Wednesday, September 26, 2007


Here's a question for all of you more experienced LDS-SSA people.

I told my therapist how much I loved this new blog. I explained how much it meant to me to have these comments of support and to discover that there are other people in my age group going through exactly what I'm going through. It has really been helping me (my sanity, happiness levels, self esteem, security, functionability) to know about these people and feel support from them.

Well, my therapist told me about different options - support groups, Evergreen meetings, group therapy, etc- where I can meet these people and really feel like I have friends who actually know what its like- not ones that pretend they understand, but people who know. I think it would be great, but I told him that I wasn't ready because I was afraid. Like any therapist, he asked me what I was afraid of.

I am afraid that I might like someone that I meet. And I am even more afraid that he might like me.

Funny. I have an unquenchable desire to be liked by other guys, and yet I am completely unable and unwilling to allow another guy to like me. Anyway, my question is,

Is this a legitimate fear? What if it happens, what then? What kinds of things have you done to get past this fear? What is proper etiquette in these situations? If you have done any of these things, has it helped you?


Kengo Biddles said...

I advocate meeting in groups. I advocate not hanging out one on one with someone you find attractive, unless you plan on doing something about it.

I would fully welcome you to come to any of our singalongs that we have at our house, or any other group activity. It helps immensely to be able to talk to someone who knows at an intrinsic level what you deal with.

playasinmar said...

"What is proper etiquette in these situations?"

You know how straight guys have female friends? It's like that. Be there as a friend and don't have sex with them.

"Is this a legitimate fear?"

That you might become emotionally connected to another guy as you are programmed to do? Yes. Yhough fearing it might be like fearing the oxygen you breath.

If I were you I'd be more worried about the whole waking-nightmares issue.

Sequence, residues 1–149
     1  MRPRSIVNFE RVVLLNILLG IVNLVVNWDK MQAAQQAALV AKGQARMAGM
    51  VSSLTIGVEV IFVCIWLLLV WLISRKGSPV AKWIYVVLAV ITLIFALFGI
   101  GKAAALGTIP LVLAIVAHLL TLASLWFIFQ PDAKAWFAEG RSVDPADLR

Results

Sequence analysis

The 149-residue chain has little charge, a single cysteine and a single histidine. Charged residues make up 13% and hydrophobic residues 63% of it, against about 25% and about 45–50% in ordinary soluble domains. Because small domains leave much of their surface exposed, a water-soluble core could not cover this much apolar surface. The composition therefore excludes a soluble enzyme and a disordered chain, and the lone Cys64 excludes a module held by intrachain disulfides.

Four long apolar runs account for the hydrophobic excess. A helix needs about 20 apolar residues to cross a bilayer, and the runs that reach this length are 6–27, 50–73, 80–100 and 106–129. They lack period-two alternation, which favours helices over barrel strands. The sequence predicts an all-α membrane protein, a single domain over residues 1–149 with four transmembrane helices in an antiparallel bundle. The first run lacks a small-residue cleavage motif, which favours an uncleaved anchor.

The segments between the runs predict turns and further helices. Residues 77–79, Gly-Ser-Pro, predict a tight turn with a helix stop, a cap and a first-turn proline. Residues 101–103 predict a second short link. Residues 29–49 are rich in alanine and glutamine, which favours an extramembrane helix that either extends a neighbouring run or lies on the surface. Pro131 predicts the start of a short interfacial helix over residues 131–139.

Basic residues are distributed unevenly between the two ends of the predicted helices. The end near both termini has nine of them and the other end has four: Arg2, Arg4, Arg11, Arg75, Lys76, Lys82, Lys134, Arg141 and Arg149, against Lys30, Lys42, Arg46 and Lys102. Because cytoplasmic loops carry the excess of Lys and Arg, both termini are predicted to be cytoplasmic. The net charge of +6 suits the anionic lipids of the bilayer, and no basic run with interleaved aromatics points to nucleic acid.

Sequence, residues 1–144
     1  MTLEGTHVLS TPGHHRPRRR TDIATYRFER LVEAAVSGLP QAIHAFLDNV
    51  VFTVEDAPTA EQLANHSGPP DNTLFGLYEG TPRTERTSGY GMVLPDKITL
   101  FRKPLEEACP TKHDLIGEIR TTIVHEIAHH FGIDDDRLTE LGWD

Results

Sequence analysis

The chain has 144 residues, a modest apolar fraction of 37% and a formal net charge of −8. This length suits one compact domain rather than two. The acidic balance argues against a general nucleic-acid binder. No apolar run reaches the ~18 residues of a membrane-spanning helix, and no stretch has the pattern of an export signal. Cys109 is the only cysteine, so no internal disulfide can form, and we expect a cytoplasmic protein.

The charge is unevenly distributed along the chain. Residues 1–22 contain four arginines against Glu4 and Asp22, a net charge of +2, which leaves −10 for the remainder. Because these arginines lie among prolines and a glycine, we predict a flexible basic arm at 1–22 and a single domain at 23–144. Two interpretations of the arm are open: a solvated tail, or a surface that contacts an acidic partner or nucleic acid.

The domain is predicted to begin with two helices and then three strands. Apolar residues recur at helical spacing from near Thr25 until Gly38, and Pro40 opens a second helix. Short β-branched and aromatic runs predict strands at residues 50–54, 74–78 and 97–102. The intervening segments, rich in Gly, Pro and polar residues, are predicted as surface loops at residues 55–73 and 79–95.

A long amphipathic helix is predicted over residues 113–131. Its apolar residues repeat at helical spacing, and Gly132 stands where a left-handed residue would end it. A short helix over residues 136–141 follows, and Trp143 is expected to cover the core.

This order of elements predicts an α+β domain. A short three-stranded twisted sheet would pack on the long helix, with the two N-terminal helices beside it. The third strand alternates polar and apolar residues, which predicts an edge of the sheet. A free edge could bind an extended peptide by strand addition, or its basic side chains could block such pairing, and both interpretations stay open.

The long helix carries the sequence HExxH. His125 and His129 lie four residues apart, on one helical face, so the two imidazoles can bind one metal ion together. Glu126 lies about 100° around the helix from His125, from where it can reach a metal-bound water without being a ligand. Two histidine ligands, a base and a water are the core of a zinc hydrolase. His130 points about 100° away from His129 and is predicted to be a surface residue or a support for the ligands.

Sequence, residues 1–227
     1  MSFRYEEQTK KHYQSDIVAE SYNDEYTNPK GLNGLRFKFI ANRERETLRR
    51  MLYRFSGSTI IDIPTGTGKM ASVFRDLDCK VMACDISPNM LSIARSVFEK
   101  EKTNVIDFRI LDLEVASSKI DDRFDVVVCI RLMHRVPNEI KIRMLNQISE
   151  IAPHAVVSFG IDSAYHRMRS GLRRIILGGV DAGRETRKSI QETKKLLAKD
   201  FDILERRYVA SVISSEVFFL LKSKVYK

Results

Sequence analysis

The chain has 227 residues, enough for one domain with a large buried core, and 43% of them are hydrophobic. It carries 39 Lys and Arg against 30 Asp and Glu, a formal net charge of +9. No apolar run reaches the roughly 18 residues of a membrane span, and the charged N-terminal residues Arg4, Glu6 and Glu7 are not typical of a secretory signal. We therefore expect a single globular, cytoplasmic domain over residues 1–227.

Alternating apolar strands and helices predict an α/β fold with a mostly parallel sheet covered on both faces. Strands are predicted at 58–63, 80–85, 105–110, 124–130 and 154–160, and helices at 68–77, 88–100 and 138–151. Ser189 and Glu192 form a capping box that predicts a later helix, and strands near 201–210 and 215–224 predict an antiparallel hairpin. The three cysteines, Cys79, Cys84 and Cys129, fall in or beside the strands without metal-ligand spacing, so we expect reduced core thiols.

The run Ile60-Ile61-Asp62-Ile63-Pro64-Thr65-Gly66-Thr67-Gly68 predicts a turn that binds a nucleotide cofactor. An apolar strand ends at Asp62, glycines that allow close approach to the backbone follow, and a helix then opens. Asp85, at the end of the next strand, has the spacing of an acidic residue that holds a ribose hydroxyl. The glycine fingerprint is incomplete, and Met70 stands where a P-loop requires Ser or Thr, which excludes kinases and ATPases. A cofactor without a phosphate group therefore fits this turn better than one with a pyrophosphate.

GeckoMan said...

"I am completely unable and unwilling to allow another guy to like me."

Digest that for a minute; no wonder you mention today that you want to puke.

Remember, love is the great commandment. Faith should allow us to enter relationships of trust, and the Spirit can guide us when we get too close to the line. We learn from our conflicts and mistakes.

These are all principles of the Gospel.

If you take the risk of meeting in supervised group activities with other Mohos to build understanding and friendships, then emotional bonding may take place. This is not bad, this is real and important learning. Can you keep the rules inherent in such groups? Probably. Will you be tempted beyond that which you're unable to bear? Probably not.

I say have faith in yourself and learn to love more fully.

Samantha said...

Interestingly, at the Evergreen conference this weekend there was a workshop in which Evergreen denied sponsoring support groups. Their workbooks and ideas have been put forth in other support groups, but apparently those are independent of Evergreen International.

I've known many young men who have joined support groups only to find a way away from the gospel, rather than being supported within it. The trick, I suppose is to never allow the group to tell you what your standards should be. You know where to draw the line. If there's a camping trip planned for the support group, and you feel that would be a dangerous place for you--you don't have to go. But you probably will, because it's the support group, and you want to be with them--you see the problem here, I'm sure.

Online support can be a step in the right direction. You need to be aware that as soon as you start meeting with other SSA men, chances are that you'll find one (or more) you're attracted to, and there will be others attracted to you. That's part of being human, and you can't run from it for the rest of your life. So--what will you do to prepare for it?

Lecture from the Queen is now over. Welcome to the Queerosphere.